YP Letters: Your say on the future of our high streets – listen to the people over post offices

From: Diane Haigh, Scalby Mills Road, Scarborough.

Shoppers in Hull in January. Picture: James Hardisty

LIKE many of your readers, I am very concerned – and confused – about the reasoning behind the current round of proposed Post Office closures which includes those in York and Scarborough (The Yorkshire Post, January 29).

The main branch in my town, Scarborough, has very good disabled access and is well used, but is now threatened with closure and a subsequent transfer to WH Smith.

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The reason given for this move is that the WH Smith store can provide better facilities for disabled access, which I find incomprehensible as the store is already very crowded indeed and is on two floors.

I can understand WH Smith welcoming the Post Office income, but wonder what will happen if their town centre stores go the way of many ‘‘high street legends’’ and start to close?

It all seems to be a short-term money saving strategy on the part of the Post Office, but one without any vision. I fervently hope that the voice of local people is heard as very many are against this move.

From: Chris Chester, Tower Lane, Fulwood, Preston.

I WAS most interested in your articles about the high street and in Kate Hardcastle’s essay (The Yorkshire Post, January 26).

Perhaps the major chain stores could try a new strategy – sell goods that people want to buy.

The customer does not want choice; the customer wants what the customer wants. Eighty per cent of the nation’s wealth is held by people over 50, who have raised their children, paid off their mortgages, now have disposable income and want to buy quality.

Shopping in Leeds is especially painful. As you reported, some 60 per cent of all men’s suits were made in Leeds. Now try buying a British-made suit in the city. My parents, born and raised in Barnsley, would tear their hair out in despair shopping in Leeds these days.

The only solution is to buy British online. All hail to HebTroCo, trouser makers of Hebden Bridge, to BaaRamEwe for their Yorkshire socks and wool, and to the worsted cloth makers in Leeds who persevere regardless.

Ms Hardcastle’s point is well made. Far too often, shops and cafes may be still open physically after 4pm but the staff have switched off mentally. Retail is about personal service as much as material service. As the old song has it – “everything stops for tea”. Pity nothing seems to start again after tea.

Good luck with your campaign!

From: Jerry Diccox, Main Street, Darley.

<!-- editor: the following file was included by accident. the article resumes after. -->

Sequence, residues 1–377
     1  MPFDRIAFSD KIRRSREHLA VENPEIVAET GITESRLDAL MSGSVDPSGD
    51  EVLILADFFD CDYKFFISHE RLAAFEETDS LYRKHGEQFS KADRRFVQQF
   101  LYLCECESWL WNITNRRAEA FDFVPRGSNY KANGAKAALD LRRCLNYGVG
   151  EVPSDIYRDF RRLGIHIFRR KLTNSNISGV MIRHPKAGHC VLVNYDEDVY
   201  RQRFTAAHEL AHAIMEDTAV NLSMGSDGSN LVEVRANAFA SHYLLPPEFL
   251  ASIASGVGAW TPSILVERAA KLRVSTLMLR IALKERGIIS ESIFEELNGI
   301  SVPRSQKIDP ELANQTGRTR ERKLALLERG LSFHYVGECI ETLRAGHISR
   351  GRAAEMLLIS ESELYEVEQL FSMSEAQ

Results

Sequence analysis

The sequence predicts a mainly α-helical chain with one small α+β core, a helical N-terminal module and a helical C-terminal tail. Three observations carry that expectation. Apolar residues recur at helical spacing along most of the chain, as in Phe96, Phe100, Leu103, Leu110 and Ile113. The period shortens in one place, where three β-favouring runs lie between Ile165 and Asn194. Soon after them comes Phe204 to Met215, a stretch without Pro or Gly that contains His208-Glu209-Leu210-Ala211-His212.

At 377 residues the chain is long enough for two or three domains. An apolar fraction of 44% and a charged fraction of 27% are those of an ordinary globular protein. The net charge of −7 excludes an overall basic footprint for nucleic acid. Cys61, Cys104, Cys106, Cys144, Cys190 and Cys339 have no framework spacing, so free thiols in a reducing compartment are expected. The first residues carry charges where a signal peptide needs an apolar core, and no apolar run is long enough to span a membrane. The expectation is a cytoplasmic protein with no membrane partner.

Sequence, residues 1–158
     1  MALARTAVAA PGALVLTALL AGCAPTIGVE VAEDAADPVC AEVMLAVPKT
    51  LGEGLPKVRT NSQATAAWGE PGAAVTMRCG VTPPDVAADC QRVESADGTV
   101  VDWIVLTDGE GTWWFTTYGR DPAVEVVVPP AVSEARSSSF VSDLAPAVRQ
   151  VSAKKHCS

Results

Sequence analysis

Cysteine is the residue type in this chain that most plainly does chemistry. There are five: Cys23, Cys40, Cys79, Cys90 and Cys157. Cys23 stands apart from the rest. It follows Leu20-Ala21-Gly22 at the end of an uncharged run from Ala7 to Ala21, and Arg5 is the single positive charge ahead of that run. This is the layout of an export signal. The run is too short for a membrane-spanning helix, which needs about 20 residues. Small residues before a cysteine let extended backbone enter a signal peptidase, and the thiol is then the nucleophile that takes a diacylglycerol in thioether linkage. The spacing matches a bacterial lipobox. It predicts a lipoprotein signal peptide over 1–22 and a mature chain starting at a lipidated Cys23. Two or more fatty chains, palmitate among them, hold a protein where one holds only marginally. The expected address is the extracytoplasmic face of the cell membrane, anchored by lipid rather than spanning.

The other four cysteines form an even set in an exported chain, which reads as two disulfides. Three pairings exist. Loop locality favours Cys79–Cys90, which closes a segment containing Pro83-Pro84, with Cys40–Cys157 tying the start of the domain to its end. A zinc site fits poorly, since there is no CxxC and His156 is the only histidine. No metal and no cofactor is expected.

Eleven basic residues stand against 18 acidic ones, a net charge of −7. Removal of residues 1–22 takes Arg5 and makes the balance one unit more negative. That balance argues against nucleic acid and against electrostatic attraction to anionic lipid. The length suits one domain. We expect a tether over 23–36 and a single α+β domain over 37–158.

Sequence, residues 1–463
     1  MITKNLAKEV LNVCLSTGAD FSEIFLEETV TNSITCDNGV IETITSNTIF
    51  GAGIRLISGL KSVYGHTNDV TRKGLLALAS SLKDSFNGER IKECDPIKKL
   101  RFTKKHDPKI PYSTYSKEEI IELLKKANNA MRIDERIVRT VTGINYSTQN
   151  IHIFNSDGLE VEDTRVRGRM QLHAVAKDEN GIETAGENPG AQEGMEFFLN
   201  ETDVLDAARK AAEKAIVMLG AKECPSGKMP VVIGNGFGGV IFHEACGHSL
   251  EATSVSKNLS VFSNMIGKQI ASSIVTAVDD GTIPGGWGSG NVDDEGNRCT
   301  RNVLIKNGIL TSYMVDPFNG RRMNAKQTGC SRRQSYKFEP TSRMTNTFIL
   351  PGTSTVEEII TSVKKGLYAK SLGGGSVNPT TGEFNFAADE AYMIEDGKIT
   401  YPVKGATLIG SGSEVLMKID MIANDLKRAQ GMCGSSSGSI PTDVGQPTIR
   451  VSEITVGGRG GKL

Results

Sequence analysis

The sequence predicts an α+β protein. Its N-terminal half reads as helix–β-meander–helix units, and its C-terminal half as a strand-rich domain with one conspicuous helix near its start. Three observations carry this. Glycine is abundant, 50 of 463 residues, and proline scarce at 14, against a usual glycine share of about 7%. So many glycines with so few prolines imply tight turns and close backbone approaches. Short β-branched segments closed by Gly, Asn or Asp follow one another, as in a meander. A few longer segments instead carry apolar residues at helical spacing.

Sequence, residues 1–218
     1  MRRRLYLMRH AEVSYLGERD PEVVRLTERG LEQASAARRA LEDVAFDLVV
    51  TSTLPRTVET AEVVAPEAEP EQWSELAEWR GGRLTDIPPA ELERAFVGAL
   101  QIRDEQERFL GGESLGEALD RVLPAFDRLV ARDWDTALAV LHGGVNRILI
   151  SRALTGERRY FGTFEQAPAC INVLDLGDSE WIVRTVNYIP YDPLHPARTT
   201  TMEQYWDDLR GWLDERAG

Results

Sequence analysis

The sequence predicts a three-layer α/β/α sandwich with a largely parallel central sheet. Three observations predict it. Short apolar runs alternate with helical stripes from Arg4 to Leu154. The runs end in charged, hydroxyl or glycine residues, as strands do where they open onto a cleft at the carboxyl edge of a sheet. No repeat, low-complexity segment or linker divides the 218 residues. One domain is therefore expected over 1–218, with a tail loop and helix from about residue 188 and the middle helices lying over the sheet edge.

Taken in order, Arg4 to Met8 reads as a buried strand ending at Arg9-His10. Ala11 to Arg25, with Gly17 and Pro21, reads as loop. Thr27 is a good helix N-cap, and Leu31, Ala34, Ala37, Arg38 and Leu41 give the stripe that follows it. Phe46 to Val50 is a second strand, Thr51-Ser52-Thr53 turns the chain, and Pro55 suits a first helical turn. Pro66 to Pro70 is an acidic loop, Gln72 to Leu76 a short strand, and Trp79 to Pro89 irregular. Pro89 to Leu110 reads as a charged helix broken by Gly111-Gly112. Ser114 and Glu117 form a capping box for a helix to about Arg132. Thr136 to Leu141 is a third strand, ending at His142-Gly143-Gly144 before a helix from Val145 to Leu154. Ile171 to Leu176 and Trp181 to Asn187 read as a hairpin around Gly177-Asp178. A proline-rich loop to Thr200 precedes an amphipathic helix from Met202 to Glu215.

THERE’S been a lot written in these pages about the state of our high streets, and rightly so, as it is an issue of great, and growing, concern.

I have two points to make. Firstly, why on earth has planning permission been granted for a new retail development at Scotch Corner, which boasts of being the “fifth largest in the UK”?

Haven’t we learnt the lesson yet that these awful places, remnants of misplaced planning policies dating back to the late 1980s, suck the life out of high streets for miles around?

Many of those people “worrying” about the demise of the high street will be gleefully buying everything from Amazon, conveniently ignoring the consequences.

And my final point is something that has struck me time again – what passes for customer service in many cases.

No company gets my repeat business, no matter whether they are a pub selling my favourite beer, a barbers or a broadband company, if they can’t be bothered to make me feel like a valued customer.

It’s an extraordinary attitude to have in any business, but it seems to be quite common and I won’t be sad to see those particular businesses close down.

From: Miss JE Ella, Thorndale Croft, Wetwang, Driffield.

WHEN NatWest closed in Driffield and Pocklington last year, I decided not to move my account to another bank in case the same thing happened again. Unfortunately, this has come about through Santander.

I now do everything through the Post Office. The thing that really infuriates me is that today nearly all banks, organisations, polls and surveys assume that everyone in the country has both a computer and smartphone with which to conduct their business. They need to understand that many millions in the country do not have the financial resources to own, or run, either. This major fact in itself will isolate people more and more in the future.

From: Cecil Ridley, Hillcrest Avenue, Scarborough.

HAVING just finished reading 
an article headed “Ambitions are set out for resort’s high street”, this problem is being placed before Scarborugh Council’s Overview and Scrutiny Committee chaired by David Jeffels and which I served on for many years.

The council is in a position to help the high street by offering parking concessions. If it is reluctant to do this, the motorists will just make for the supermarkets where parking is free.

With regards to the town centre manager which we had three years ago, and did not work out, I ask the question – what has changed?

Regarding Alparmare water park, I wrote a letter in this paper three years ago saying water parks have a poor financial record. As an ex-bookmaker, I would not give the council good odds that they will get their £9m back.

From: Thomas Reed, Harrogate.

CAN anyone explain what Jake Berry MP does as High Street Minister? The lot of our town centres doesn’t seem to have improved since his appointment, do they?

And how can the transfer of post offices to WH Smith be justified when the retailer is struggling to attract sufficient customers at its high street stores? Only its outlets at stations and airports are prospering.